Secrets of the Viking Ship
A 1,000 years ago a warship was built in Denmark
It happens around the year 1030, when what we now refer to as the Viking Age is entering its final phase. The time of the great raids, when pagan seafarers from the North ravaged the coasts of Northwestern Europe, has long since developed into something much more complex. With their advanced maritime technology, Scandinavians have staked their claim to a place on the European political scene. The events that started with violent raids have turned into outright conquests, organised settlements and war fleets, but also into more peaceable trade networks, emporia and Christian kingdoms.
Their ships have made it all possible
In fact, ships are so closely connected to our understanding of the Viking Age that they have almost become a symbol of the period. And thanks to the last few years of focus on the Vikings in films and TV series, more and more people have become acquainted with the importance of Viking ships.
A ship is not just a ship
During the Viking Age, several different ship types were developed for specific purposes. Large, powerful knarr – cargo ships – for trade voyages on the high seas. Small, manoeuvrable fishing boats for use on fjords, rivers and inland waterways and, not least, the famous and feared warships. Long, narrow, swift ships, equipped with many oars and a single square-sail, and designed for the efficient transportation of warriors.
And it is this kind of ship that was built here in Denmark, around the year 1030. However, this particular ship's hull contains some details that are quite unusual and make the ship something of an exception to the rule in terms of the other Viking Age warships. This ship was built from the outset with a mix of new and reused timber. Planks were taken from another ship and adjusted so that they could be used again in the new ship. One of these planks bears carved decoration in Ringerike style - the only decoration of this kind we see surviving on Danish Viking ships. The hull also contains a wider range of wood species than you typically find in Danish ships of the period. It is built primarily of oak but also has pine and ash as part of the planking material and the quality of the material is generally lower than that seen on other 11th century warships.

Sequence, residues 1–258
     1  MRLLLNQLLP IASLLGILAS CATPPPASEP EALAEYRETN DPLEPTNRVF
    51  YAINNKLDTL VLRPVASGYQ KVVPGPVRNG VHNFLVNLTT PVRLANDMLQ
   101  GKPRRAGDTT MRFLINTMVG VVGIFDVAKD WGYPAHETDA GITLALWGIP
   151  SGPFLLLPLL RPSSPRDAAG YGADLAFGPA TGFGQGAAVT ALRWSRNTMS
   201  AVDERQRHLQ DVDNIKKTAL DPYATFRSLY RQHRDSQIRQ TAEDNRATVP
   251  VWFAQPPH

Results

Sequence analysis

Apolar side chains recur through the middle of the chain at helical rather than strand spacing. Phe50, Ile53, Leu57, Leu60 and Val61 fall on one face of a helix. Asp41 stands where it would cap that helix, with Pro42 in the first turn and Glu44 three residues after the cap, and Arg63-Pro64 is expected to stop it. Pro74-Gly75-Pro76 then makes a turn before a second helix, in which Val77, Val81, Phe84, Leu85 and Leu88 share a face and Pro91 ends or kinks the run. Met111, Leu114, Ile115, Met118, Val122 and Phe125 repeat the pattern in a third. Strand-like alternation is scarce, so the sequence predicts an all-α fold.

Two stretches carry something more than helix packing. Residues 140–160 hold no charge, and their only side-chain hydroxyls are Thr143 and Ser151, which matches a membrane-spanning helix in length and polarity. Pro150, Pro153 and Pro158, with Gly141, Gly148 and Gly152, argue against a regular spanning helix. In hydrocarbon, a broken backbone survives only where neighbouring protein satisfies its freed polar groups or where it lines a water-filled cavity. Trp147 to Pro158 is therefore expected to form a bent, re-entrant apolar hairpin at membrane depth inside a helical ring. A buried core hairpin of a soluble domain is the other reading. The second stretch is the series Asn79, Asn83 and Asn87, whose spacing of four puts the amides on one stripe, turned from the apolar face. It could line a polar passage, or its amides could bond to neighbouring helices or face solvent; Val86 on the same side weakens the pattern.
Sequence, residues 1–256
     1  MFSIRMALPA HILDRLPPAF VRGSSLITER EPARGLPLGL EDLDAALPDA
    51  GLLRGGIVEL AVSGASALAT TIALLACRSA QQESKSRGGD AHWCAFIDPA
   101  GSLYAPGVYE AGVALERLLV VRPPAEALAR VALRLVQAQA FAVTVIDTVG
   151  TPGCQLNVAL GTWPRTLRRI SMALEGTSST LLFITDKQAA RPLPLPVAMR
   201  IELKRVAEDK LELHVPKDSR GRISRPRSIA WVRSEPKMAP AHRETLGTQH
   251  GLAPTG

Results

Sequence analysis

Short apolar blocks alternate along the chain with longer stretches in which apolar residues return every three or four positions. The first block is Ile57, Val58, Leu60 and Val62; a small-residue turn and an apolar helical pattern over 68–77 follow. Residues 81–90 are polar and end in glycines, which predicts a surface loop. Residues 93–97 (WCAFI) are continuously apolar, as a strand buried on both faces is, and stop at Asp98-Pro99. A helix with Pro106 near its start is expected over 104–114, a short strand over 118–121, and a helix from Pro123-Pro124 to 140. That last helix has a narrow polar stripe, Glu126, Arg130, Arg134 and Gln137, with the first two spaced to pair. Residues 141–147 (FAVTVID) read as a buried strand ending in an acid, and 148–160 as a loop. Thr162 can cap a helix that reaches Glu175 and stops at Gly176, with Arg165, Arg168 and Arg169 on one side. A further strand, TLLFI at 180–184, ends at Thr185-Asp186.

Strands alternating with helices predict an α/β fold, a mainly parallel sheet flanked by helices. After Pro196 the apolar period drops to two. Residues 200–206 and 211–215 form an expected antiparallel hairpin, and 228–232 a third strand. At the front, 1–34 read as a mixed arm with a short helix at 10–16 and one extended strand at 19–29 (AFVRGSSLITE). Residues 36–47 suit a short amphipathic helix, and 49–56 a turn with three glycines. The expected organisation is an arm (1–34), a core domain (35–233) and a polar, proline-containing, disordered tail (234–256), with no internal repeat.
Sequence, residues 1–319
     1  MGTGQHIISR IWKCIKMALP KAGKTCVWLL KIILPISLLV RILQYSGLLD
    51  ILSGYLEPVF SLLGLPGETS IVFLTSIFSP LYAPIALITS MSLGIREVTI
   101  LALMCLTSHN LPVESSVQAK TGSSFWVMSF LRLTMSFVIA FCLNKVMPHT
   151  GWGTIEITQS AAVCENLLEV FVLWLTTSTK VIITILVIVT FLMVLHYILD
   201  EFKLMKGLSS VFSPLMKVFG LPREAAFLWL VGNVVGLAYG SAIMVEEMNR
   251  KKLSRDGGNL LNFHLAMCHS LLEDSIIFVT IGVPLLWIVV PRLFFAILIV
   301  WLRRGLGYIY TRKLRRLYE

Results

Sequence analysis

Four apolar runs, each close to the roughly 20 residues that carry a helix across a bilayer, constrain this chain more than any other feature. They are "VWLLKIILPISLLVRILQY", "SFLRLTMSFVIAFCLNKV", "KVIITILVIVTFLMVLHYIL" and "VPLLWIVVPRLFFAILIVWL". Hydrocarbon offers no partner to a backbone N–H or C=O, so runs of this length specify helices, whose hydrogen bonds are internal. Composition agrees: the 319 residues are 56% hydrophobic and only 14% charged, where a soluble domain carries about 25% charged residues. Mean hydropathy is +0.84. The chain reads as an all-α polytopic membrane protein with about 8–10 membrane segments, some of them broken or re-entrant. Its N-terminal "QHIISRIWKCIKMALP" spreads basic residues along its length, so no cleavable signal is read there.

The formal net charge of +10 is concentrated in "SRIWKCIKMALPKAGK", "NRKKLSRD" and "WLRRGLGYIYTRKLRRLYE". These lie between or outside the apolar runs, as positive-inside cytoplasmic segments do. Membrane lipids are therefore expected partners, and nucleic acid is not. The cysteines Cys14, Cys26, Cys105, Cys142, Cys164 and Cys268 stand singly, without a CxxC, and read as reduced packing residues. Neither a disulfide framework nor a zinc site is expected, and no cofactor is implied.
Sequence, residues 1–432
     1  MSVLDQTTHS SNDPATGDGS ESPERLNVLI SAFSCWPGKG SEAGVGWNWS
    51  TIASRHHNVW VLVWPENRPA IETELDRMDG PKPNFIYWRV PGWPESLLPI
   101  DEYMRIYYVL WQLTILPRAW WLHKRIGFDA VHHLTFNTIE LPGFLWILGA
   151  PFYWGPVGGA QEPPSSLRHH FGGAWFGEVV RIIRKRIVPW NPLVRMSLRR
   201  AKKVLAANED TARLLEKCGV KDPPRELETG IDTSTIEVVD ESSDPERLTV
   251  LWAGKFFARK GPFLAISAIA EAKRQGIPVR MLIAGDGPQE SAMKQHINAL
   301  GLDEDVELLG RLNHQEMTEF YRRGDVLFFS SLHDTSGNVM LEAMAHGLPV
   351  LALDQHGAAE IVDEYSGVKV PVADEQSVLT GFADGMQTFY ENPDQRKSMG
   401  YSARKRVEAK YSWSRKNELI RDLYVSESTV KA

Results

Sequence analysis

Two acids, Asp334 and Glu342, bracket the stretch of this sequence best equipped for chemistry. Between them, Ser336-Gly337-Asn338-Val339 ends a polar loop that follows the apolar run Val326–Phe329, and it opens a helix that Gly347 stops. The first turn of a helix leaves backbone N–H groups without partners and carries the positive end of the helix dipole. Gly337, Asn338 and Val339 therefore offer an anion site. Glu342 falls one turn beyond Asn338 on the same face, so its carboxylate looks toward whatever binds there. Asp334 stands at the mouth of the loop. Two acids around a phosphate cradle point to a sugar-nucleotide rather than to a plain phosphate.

The ship was in service for about 30 years, and many repairs were carried out along the way. But it was not to end its days by being 'chopped up and burned' like so many other old wooden ships. Instead, the ship was towed out to the water just off the coast of Skuldelev on Roskilde Fjord. Here, it was filled with stones and intentionally scuttled to form part of a barrier system on the fjord.
And it is here that the ship again sees daylight in 1962, after many centuries on the bottom of the fjord. Together with four other ships from the late Viking Age – those we today call the Skuldelev ships – our warship was excavated, raised, documented, conserved and reconstructed.
Today, all five ships are on display in the Viking Ship Hall here at the Museum and the warship has been given a new 'archaeological' name: Skuldelev 5. Scientific analyses have revealed the age of the ship, identified the different types of wood in the hull’s composition, and established that it was built in the area we now call Denmark.
Skuldelev 5 is still keeping some secrets
For why was it built in this way, with a mixture of new and old wood? What challenges did that choice create for Viking Age boat builders? What can the ship's construction tell us about how – and how much – the ship was used during its lifetime? And what does that say about the use of warships in the latter half of the 1000's?
To investigate these questions, the Museum's boatyard has embarked on an experimental archaeological project, with a full-scale reconstruction of Skuldelev 5. Work began in the summer of 2022 and construction is expected to span the next four years.
You can follow the construction process live at the Boatyard from May to October each year, and online via the Museum's social media channels.
Here, on the project website, you can read more about the ship-find Skuldelev 5 and over the coming months, the website will be updated with content about experimental archaeology, Viking Age boatbuilding and much more.
You can also get regular updates from the project on the Museum's Instagram profile:
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